22 Jump Street, the better-than-expected sequel to 2012’s better-than-expected franchise reboot, is another Channing Tatum-Jonah Hill lovefest and a continuation of the first film’s “goofy pseudo-thriller” shtick. But it’s got something else, something—or, rather, someone—even funnier: Jillian Bell.
Directors Chris Miller and Phil Lord smartly play it coy with her character, Mercedes, at first, but a clever twist sets up her real star turn and one of the film’s best scenes: an all-out brawl between Bell and Hill. They duke it out for several minutes, writhing on the ground, before their signals get crossed and Mercedes can’t tell if Schmidt wants to kill her or have sex with her. Throughout, Bell overshadows Hill, who has said in interviews that he is intimated by her talent. “Jillian makes me want to quit show business and realize I am a complete fraud,” Hill has said, “because she is the funniest person I have ever met in my life.” And she does, in fact, steal the show.
Fans of Comedy Central’s irresistibly crude hit Workaholics won’t be surprised. Bell consistently outshines the three leads—the show’s creators—Blake Anderson, Adam DeVine, and Anders Holm. As Jillian Belk, the neurotic yet charming office manager and assistant to TelAmeriCorp regional manager Alice (Maribeth Monroe, who is also terrific), she anchors the show.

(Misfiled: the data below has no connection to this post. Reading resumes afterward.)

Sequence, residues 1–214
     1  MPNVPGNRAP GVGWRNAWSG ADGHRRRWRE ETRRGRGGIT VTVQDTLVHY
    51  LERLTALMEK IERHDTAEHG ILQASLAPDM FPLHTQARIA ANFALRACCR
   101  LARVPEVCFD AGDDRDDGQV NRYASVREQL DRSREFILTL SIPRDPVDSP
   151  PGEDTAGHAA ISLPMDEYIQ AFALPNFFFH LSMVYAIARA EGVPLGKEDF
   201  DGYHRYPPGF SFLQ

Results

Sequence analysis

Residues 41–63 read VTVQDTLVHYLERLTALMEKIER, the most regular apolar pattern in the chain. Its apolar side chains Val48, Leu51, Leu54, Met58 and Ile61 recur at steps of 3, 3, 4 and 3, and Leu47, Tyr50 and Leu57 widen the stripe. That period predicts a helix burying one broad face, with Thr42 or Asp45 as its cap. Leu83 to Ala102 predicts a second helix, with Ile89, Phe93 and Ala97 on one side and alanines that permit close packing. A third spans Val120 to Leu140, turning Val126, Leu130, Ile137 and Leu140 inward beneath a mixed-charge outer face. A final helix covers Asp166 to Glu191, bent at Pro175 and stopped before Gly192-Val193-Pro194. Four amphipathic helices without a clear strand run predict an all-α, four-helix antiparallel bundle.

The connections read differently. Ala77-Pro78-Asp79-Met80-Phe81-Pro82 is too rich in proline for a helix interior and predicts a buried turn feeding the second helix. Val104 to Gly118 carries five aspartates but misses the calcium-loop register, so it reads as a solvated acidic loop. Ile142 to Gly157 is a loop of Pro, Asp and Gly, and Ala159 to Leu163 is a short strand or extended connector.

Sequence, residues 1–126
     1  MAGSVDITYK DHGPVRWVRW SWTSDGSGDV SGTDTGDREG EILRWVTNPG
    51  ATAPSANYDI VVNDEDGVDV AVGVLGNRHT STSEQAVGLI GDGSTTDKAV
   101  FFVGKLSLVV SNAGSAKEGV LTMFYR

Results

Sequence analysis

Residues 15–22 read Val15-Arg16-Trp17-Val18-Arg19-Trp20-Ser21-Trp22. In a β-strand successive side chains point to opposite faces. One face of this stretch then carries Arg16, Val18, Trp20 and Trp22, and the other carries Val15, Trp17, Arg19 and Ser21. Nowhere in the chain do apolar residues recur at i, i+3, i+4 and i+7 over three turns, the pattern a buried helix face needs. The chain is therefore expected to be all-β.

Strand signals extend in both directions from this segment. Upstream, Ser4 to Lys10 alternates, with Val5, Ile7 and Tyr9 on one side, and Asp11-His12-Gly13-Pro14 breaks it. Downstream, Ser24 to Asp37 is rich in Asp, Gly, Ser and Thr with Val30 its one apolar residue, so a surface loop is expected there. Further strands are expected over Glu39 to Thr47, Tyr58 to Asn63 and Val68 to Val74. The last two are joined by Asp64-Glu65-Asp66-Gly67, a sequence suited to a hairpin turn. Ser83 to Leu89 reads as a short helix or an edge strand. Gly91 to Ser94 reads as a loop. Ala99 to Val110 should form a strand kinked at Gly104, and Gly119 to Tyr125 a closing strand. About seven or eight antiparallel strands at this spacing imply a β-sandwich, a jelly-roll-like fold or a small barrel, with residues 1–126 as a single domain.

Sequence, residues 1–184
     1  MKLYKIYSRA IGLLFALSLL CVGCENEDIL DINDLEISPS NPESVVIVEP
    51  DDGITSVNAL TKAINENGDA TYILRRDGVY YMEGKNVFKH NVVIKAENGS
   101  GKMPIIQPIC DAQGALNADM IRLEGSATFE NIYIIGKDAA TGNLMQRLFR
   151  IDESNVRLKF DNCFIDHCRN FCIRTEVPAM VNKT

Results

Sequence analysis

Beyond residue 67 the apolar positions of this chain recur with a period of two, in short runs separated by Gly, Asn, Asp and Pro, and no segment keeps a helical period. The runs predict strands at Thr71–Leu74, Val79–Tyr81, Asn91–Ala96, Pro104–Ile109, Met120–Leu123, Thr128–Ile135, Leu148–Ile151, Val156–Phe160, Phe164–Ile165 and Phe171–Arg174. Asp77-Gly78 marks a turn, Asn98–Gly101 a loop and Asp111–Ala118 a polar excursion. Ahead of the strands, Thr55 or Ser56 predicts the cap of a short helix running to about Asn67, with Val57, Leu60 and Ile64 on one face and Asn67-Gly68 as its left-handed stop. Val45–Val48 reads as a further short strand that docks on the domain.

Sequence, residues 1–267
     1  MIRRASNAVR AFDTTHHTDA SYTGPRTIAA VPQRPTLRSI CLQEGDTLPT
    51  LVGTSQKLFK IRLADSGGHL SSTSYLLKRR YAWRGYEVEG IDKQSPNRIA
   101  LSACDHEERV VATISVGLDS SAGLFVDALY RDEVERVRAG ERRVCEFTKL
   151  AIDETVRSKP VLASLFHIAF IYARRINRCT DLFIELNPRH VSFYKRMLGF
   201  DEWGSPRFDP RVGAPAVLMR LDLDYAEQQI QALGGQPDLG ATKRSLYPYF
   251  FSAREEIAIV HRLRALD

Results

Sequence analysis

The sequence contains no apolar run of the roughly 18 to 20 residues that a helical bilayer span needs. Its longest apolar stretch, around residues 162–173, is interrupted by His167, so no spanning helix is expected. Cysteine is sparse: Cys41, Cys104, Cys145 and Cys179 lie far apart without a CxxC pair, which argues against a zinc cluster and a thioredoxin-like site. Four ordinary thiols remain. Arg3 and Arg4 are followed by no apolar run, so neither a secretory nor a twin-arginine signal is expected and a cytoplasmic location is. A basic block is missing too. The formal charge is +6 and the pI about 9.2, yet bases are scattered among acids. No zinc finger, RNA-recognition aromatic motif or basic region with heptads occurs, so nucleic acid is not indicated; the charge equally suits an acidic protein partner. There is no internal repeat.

Whereas the show’s stars rely largely on shock value and physical comedy, Bell’s appeal is her straight-faced delivery of wildly varying dispositions—she can be aloof one minute and in your face the next, with no apparent explanation. Belk constantly misses social cues and no one can figure out what’s rattling around in her head. And yet Bell makes her one of the more relatable and fleshed-out characters on the show, one I never tire of watching.
As in 22 Jump Street, Bell’s Workaholics character often serves as the impetus for whatever trouble Blake, Adam, and Anders find themselves in. Take “Man Up,” a Season 2 episode, which sees Jillian drop her awkward rambling and threaten to snap a bouncer’s “ding-dog into two pieces”—demonstrated with a chicken strip—after he dumps a beer on Adam’s head. The trio then spends the rest of the episode attempting to heal their bruised egos, but they eventually come back to Jillian. She is, after all, the gang’s unofficial fourth member.